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Jan 31

The French University System

In honour of the start of a new semester, I thought it might be useful to introduce readers to the French university system and, later, to French vocabulary used often in the academic setting. Who knows? Maybe you’ll end up using this new vocabulary while registering for classes in France!

In France, degrees are divided up into License, Master, and Doctorat levels. The License level is equivalent to a Bachelor’s program, although it typically takes three years of study instead of the four in the United States. The Master level is a two-year graduate program.

However, students still get credit for passing just the first year of courses in many cases (which is called un Master 1).

The Doctorat level (equivalent to a doctorate degree) is an additional three years of—typically, largely independent—study (and terminating with a work of original research, or dissertation, known as une thèse).

French Uni

Most universities in France are public. These schools are referred to informally as la fac. Prices for these schools are typically heavily subsidised by the French government and students typically pay only several hundred euros in fees per year. Private schools are more expensive, of course.

Then, there are also les grandes écoles. These schools are highly competitive and elite; typically students can only be accepted into these schools if they pass rigorous entrance exams. Although there is no real equivalent of these schools in the UK or the United States, they might be compared to ivy league schools. Les grandes écoles are also typically more expensive than la fac. 

The French university schedule is very similar to other universities across Europe and the US. However, universities typically start a bit later in France than in the United States, with fall semesters beginning often in late September or early October and spring semesters extending until July.

University students have many advantages in France, from access to cheap movie tickets, subway and train tickets, museum passes, and even special restaurants that cater to university students and only cost several euros for full meals. Students in big cities like Paris also have access to student housing for discounted rates.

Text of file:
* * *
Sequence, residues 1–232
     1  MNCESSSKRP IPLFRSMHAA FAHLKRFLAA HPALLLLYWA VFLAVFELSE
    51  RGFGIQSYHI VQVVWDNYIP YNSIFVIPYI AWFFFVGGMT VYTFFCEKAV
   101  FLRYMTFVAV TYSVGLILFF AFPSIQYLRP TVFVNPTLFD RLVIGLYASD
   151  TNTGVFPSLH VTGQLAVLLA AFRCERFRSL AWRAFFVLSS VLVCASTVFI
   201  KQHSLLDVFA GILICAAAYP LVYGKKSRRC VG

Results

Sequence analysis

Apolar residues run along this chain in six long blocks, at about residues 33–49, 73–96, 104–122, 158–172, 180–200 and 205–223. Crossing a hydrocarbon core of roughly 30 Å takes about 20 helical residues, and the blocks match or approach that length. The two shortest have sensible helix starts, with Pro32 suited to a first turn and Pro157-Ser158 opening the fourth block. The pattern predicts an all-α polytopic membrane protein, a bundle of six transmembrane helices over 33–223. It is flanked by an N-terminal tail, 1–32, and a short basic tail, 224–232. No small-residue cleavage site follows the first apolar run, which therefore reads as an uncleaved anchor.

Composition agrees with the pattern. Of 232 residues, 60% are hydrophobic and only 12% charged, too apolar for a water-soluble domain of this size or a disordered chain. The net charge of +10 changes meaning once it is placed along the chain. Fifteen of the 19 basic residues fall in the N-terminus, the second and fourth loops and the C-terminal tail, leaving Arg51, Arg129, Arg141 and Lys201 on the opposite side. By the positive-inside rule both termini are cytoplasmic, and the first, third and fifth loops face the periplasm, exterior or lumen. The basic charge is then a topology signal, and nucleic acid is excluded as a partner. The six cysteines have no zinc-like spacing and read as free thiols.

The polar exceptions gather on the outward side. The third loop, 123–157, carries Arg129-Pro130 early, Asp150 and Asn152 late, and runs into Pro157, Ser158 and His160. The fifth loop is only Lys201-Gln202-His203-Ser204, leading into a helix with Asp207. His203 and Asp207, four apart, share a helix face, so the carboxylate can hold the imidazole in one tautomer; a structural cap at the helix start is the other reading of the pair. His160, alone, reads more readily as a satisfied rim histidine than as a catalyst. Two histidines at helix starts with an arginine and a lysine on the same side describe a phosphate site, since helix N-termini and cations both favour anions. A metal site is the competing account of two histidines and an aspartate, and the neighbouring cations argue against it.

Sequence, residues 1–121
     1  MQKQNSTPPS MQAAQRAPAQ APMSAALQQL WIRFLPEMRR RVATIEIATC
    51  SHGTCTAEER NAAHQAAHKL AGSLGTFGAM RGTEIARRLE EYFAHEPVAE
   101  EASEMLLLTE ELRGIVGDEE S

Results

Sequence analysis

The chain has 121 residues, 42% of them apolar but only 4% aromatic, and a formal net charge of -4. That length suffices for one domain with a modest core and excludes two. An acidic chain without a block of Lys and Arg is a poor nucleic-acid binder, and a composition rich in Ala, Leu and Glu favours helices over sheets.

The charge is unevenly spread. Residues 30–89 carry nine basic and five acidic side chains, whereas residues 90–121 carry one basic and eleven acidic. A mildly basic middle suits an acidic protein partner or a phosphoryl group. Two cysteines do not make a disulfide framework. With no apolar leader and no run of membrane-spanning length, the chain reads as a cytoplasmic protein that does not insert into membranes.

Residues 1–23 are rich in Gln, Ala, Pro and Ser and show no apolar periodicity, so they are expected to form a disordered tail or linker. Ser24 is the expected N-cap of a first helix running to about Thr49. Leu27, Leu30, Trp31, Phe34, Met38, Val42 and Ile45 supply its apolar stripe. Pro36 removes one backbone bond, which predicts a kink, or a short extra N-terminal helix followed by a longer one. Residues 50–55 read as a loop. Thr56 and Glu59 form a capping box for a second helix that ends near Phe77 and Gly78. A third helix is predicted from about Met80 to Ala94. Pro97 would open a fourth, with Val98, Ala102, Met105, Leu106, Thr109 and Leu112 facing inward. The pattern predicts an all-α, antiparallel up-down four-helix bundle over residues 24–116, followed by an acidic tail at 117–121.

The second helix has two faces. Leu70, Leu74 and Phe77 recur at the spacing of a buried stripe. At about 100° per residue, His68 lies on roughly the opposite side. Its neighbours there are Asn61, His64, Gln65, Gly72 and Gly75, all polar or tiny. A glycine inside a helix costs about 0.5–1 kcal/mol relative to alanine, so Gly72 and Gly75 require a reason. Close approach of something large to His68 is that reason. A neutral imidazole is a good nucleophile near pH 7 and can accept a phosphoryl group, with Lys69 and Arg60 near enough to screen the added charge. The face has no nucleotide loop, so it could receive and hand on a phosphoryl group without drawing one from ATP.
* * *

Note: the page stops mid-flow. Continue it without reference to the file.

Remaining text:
International students who are interested in studying in France can check out the government website at Campus France for more information about applying for student visas and universities.

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Blog submitted by: Alex at The French Property Network - Cle France.

This blog was originally posted on The French Language Blog pages.

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Jan 31

Buying A Glass In French

Buying A Glass In French – Oh, Don’t Forget The Drink!

Firstly - Don’t be afraid of making mistakes when you speak French!

Not knowing how to say simple words like mattress or shorts have put me in some strange situations, but if I had been too afraid to speak, I would never have learned les nouveaux mots (the new words) at all!

Between looking at someone dans les yeux (in the eyes) and learning the importance of l’eau (water), I’ve learned a lot au café. 

Another fun experience learning new words au café happened when I was out with mon ami (my friend) and wanted to buy them a drink as a friendly gesture. I wasn’t sûr à cent percent (one hundred percent sure) and ended up thinking in English as I smiled at mon ami...

Buying a Glass in French 

Je t’achète un verre ! 

D’accord… pourquoi ? 

Tu es mon ami, donc je veux t’acheter un verre ! 

Pourquoi pas ! 

I’ll buy you a glass! 

Okay… why? 

You are my friend, so I want to buy you a glass! 

Why not! 

Mon ami was nice enough to play along even if he didn’t really understand what I wanted to say. When le barman (the bartender) came over and I placed an order, mon ami immediately understood what I originally tried to say. 

Aaah ! Tu voulais dire que tu veux me payer un verre ! 

Aaah! You wanted to say that you want to buy me a glass! 

It was my turn to be confused because it sounded like he pretty much said exactly the same thing, only using the word payer (to pay) instead of acheter (to buy). 

Alors, c’est quoi la différence entre ce que tu viens de dire et ce que j’ai dit ? 

Si tu dis que tu vas m’acheter un verre, ça veut dire que tu vas vraiment m’acheter un verre et pas la boisson ! 

So, what’s the difference between what you just said and what I said?